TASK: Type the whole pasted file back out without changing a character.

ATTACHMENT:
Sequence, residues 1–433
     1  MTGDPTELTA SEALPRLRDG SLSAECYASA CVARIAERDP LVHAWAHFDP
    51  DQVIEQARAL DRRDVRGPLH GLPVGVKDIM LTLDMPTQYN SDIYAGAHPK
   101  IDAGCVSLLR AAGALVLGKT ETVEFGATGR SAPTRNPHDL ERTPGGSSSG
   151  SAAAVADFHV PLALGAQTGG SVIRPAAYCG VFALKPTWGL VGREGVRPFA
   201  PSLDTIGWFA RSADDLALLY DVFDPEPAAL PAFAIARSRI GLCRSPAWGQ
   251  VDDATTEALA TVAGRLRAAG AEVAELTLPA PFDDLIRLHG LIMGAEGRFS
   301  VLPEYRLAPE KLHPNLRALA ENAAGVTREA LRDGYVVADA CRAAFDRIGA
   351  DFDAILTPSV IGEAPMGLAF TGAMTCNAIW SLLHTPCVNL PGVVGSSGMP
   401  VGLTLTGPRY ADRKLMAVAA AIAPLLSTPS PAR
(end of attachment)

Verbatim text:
Sequence, residues 1–433
     1  MTGDPTELTA SEALPRLRDG SLSAECYASA CVARIAERDP LVHAWAHFDP
    51  DQVIEQARAL DRRDVRGPLH GLPVGVKDIM LTLDMPTQYN SDIYAGAHPK
   101  IDAGCVSLLR AAGALVLGKT ETVEFGATGR SAPTRNPHDL ERTPGGSSSG
   151  SAAAVADFHV PLALGAQTGG SVIRPAAYCG VFALKPTWGL VGREGVRPFA
   201  PSLDTIGWFA RSADDLALLY DVFDPEPAAL PAFAIARSRI GLCRSPAWGQ
   251  VDDATTEALA TVAGRLRAAG AEVAELTLPA PFDDLIRLHG LIMGAEGRFS
   301  VLPEYRLAPE KLHPNLRALA ENAAGVTREA LRDGYVVADA CRAAFDRIGA
   351  DFDAILTPSV IGEAPMGLAF TGAMTCNAIW SLLHTPCVNL PGVVGSSGMP
   401  VGLTLTGPRY ADRKLMAVAA AIAPLLSTPS PAR